Did your experiment work?
This is an example of a closed-ended question. It can be answered with one word, often a simple yes or no. It does not invite discussion or creativity. The answer to a closed-ended question is predictable and often structured by the question. Young people are conditioned by closed-ended questions to stop thinking and instead try to guess what the teacher’s preconceived ideas are. Closed-ended questions have a place for testing factual recall, but they do not encourage high-level thinking.
How do you know your experiment worked?
This is an example of an open-ended question. An open-ended question has more than one answer and invites thought and discussion. Open-ended questions provide young people with the freedom to express their ideas and they generate conversation. Instead of predictable answers, open-ended questions elicit fresh insight and ideas, opening minds and enabling you and your young people to build knowledge together. Open-ended questions engage young people in dynamic thinking, where they must synthesize information, analyze ideas, and draw their own conclusions.
5 TIPS FOR CULTIVATING CREATIVITY AND CURIOSITY
1. Create a question list.
Old habits can be hard to break. To help you create better questions, make a list of generic open-ended questions that can be posted on the wall or carried on note cards in your pocket.
The following is a list of STEM focused open-ended questions that can inspire creative thinking.
What patterns did you notice?
Why do you think this happened?
What else might have caused that?
What did you expect to find and why?
How was it different this time?
Describe what you saw?
Is there another explanation?
What evidence do you have?
What are your assumptions?
How will you know if your experiment works?
How do you think you could make it better?
How did you decide on your method?
Why did you do it that way?
What is your hypothesis?
2. Set expectations.
You want to foster cooperation, not competition. Encourage young people to respect everyone’s ideas. Ensure that everyone has a voice and can be a participant. Use words and model behaviors that foster teamwork. Initially the expectations of open-ended questions can be stressful when shared in front of the whole group. Start by using a policy of Think Pair Share. When you ask a question, have the young people pair up to discuss the answer. Slowly promote discussion between the groups until everyone feels safe enough to take part in a large group discussion. Try to make opened-ended discussions part of all of your activities.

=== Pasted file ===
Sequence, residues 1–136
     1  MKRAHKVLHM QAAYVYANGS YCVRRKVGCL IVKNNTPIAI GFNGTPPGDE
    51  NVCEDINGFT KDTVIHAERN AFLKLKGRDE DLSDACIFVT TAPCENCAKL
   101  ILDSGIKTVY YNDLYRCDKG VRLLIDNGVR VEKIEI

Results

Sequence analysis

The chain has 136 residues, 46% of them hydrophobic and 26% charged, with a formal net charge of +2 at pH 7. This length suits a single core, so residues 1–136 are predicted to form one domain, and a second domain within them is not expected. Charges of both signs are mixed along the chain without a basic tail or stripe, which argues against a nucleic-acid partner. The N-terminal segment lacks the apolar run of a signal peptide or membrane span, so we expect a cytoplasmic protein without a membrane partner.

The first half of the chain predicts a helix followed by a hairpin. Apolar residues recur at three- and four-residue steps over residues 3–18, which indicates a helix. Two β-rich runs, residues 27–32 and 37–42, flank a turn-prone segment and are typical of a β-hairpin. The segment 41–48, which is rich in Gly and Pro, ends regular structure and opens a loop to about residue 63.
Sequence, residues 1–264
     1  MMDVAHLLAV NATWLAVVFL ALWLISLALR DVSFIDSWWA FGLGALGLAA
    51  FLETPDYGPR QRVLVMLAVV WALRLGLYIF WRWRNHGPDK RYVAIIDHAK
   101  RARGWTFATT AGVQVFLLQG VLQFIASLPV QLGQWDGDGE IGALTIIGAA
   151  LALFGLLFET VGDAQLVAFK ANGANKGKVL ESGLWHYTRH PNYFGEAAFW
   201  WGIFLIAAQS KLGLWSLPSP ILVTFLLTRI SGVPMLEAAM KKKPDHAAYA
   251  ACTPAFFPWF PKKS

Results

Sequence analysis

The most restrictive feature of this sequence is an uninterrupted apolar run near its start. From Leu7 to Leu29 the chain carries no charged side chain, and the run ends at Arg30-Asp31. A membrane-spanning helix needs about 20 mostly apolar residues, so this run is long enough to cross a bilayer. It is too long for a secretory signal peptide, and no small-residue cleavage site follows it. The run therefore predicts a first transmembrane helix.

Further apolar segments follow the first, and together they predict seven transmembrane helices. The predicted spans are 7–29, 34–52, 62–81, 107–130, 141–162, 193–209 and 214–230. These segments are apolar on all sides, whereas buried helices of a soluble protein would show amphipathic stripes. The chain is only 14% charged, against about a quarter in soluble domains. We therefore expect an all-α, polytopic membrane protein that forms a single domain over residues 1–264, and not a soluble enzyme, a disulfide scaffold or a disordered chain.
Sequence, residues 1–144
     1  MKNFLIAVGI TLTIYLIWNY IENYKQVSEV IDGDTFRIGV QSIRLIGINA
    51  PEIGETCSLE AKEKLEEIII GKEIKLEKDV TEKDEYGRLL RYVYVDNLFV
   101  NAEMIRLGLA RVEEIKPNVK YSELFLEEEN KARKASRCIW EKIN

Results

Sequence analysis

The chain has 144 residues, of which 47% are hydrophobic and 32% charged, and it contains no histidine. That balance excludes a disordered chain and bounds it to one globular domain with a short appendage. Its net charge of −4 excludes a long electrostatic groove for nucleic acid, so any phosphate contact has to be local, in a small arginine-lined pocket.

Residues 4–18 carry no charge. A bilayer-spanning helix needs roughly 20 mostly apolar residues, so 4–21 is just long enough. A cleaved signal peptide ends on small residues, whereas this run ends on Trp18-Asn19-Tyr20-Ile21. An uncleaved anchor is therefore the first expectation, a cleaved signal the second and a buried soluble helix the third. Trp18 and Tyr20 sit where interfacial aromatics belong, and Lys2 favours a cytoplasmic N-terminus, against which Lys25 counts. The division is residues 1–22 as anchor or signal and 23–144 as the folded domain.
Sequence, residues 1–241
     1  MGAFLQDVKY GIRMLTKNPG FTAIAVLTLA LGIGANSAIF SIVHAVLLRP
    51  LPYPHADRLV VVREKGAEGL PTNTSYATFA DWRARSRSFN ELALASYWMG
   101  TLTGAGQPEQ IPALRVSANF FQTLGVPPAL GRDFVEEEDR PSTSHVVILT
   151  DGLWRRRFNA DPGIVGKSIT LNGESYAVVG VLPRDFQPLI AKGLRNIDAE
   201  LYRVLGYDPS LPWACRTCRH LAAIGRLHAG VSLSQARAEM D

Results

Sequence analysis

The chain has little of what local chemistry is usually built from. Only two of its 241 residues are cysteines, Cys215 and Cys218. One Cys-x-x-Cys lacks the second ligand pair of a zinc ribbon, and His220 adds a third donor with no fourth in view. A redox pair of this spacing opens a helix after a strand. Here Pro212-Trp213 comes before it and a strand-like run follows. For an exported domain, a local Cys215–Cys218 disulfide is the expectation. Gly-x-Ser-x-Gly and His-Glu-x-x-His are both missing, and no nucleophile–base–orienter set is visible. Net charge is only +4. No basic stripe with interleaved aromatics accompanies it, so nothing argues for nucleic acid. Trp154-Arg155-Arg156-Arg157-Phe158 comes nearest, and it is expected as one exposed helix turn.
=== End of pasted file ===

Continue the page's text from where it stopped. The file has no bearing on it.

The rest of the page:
3. Be curious and listen.
For open-ended questions to be effective, it’s critical to ask them with real curiosity and interest. Your engagement and attitude will draw kids into discussions where you might learn more than they do. Remember to make use of wait time. After asking a question, wait 10 seconds to allow young people to think about and answer your question before providing any prompts. Do not be too quick to referee the correct the answer.
4. Two-question rule.
Because open-ended questions tend to be general, young people tend to answer in a general way and use general adjectives to describe their situations and opinions. Follow a question with another question that probes for deeper understanding. Second questions should probe for clarity or additional information. For example, “How do you know your experiment worked?” could be followed up with, “How do you think you could make it better?” The goal is to have the children think about their activities and the reasoning behind their answers.
5. Practice, practice, practice.
Give yourself time to implement open-ended questions and be successful!
Written by Andy the Science Wiz, NAA STEM Specialist Andy Allan.